Body Double (1984) – Review by Pauline Kael

If Brian De Palma were a new young director, Body Double would probably be enough to establish him as a talented fellow. But, coming from De Palma, Body Double is an awful disappointment.
Body Double (1984) Melanie Griffith and Brian De Palma

by Pauline Kael

If Brian De Palma were a new young director, Body Double would probably be enough to establish him as a talented fellow. In its own terms, this murder mystery set in L.A., in the overlapping worlds of “serious” acting and performing in porno films, is stupid yet moderately entertaining, and it has a tickling performance by Melanie Griffith as Holly Body, a porno star with a punk-vamp haircut and a sprig of holly tattooed on her rump. But, coming from De Palma, Body Double is an awful disappointment: the voyeuristic themes and the scare sequences are so similar to elements of his earlier movies that you keep waiting for the thrills—the moments when he’ll top himself. And he doesn’t. He doesn’t equal himself, either. He stages the big scenes mechanically, without the zest that used to send them off to horror-comedy heaven. He has grown past this material, and he must know it. (According to his statements in the press, he took on the directing end of this project, which he had been scheduled to produce, only after repeated failures to raise money for projects he had prepared—one on the Yablonski murders, with a script he wrote with Scott Spencer, and one on a rock star like Jim Morrison, with John Travolta in the part.)

The central role here is played by Craig Wasson, which is the worst piece of casting in a De Palma movie since Cliff Robertson stared at the camera and drifted through Obsession. Wasson may, in a sense, seem right for the part—a clean-cut, not too bright young L.A. actor who easily slips into voyeurism and fetishism—but what makes him seem right for it is what makes him too bland to play it. He looks like the kind of guy who as a kid had an old man’s face and was always praised for being mature. Whatever Wasson does, he’s dead earnest about it, and his conscientious acting is a drag on the movie. Dennis Franz plays the horror-film director who fires Wasson from his job as the vampire in Vampire’s Kiss for the very good reason that the claustrophobic Wasson is paralyzed with fear if he’s put in a tomb. Franz does his scuzzo number: the guy who’s so blatantly uncouth he’s funny—only this time he isn’t. The movie has no center, and it’s a washout until Holly Body arrives, close to the midway point; we were waiting for something, and she turns out to be it.

Double-entendres in the movies used to be labored; here it’s as if the atmosphere around Holly—where she works, what she does—were so porny that she couldn’t talk except in double-entendres. She’s like a dirty-minded teen-age seductress, and what she says has an element of surprise even for her; her talk is so sexy it gives her ideas and drives her eyebrows up. De Palma’s affection for funkiness makes Melanie Griffith’s performance possible, and in scenes such as Holly’s barging into the middle of traffic trying to hail a taxi De Palma gets a fresh visual quality, too. Most of the film’s best moments have to do with actors and actors’ lives; there’s a sisters-under-the-skin moment when Holly Body meets a “serious” actress who’s looking for a job, and tries to be helpful, neither of them realizing that they’re not in the same line of work. (It’s like the wonderful fluke encounters in early De Palma films, such as Hi, Mom!)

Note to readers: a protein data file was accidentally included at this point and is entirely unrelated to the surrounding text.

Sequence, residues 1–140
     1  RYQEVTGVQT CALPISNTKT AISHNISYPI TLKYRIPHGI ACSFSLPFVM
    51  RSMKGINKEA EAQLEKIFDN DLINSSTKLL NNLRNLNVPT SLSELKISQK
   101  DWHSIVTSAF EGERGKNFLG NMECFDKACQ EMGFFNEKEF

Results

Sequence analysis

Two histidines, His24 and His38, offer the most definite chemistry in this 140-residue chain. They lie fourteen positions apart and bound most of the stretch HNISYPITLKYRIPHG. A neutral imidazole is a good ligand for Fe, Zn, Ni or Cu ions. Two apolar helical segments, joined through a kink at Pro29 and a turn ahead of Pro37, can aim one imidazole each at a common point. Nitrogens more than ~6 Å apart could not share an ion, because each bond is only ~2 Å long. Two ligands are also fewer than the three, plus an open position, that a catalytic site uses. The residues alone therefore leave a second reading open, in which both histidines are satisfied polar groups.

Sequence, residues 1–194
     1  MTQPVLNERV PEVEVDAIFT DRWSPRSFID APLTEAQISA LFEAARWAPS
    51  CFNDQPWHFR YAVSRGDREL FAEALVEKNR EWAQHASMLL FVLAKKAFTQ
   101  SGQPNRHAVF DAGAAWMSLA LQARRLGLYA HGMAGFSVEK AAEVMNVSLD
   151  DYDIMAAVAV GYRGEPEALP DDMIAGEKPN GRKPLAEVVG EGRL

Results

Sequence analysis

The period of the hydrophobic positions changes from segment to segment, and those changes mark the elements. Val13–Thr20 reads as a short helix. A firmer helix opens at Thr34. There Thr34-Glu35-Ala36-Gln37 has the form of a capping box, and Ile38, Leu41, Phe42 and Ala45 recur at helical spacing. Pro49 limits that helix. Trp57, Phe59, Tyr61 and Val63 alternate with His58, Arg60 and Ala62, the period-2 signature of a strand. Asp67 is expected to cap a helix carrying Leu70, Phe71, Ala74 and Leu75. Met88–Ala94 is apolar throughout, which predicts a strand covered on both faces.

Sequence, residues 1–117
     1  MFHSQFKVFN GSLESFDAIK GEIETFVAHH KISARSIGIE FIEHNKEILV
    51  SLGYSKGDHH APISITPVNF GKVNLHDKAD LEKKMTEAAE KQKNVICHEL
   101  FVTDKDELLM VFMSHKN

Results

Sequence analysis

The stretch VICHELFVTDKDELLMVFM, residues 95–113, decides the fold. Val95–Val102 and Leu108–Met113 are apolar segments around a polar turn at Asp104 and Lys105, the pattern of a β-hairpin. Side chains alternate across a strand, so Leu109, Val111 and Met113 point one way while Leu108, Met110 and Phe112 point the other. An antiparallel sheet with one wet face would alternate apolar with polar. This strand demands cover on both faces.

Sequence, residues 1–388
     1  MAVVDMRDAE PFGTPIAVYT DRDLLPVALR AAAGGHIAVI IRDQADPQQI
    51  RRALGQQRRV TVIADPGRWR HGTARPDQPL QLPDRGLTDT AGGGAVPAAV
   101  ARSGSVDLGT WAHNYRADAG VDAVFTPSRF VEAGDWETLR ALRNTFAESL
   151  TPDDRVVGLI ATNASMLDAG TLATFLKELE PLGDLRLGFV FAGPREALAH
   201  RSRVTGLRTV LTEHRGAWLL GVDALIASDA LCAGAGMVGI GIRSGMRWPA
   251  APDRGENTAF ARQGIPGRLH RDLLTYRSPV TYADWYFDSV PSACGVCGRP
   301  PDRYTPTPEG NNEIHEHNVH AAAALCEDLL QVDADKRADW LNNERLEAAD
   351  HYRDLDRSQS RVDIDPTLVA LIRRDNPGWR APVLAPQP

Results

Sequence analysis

But the big, showy scenes recall Vertigo and Rear Window so obviously that the movie is like an assault on the people who have put De Palma down for being derivative. This time, he’s just about spiting himself and giving them reasons not to like him, And these big scenes have no special point, other than their resemblance to Hitchcock’s work. Crude, real fears were addressed in De Palma’s earlier films. Phantom of the Paradise made everything you’d heard about the rock industry as a gigantic casting couch come true, Carrie was about the dread of menstruation, Dressed to Kill was about your qualms that sexual pleasure would get you into trouble, Blow Out was about your apprehensions that you were a coward and would fail those who counted on you, and so on. But Body Double has no subject other than the plot contraption that De Palma and his co-writer, Robert J. Avrech, thought up—unless there are a lot of claustrophobes in the audience. The only thing that’s new here in terms of getting at deeper fears is the dirt flung onto (living) people in graves, and that isn’t particularly well worked out.

Body Double is not, to put it mildly, a spirited piece of moviemaking. It features (on a character called “the Indian”) the worst makeup job of recent times. And the score (by Pino Donaggio) seems to have been ladled over the images. (The thought of what some of the scenes might have been like without it is a little frightening.) There’s a key difference between this picture and good De Palma. In Carrie, when the camera moves languorously around teen-age girls in a high-school locker room there’s a buzz between the camera and what it’s filming. But here De Palma and his cinematographer, Stephen H. Burum, get away from the out-of-work actors’ low-rent apartments and the litter of pizza rinds very quickly. De Palma saves the languorous camera for the sleek, expensive settings, such as the Beverly Hills shopping mall called the Rodeo Collection, and there’s not only no comic buzz—the camera seems wowed, impressed. The voyeuristic sequences, with Wasson peeping through a telescope, aren’t particularly erotic; De Palma shows more sexual feeling for the swank buildings and real estate.

The New Yorker, November 12, 1984

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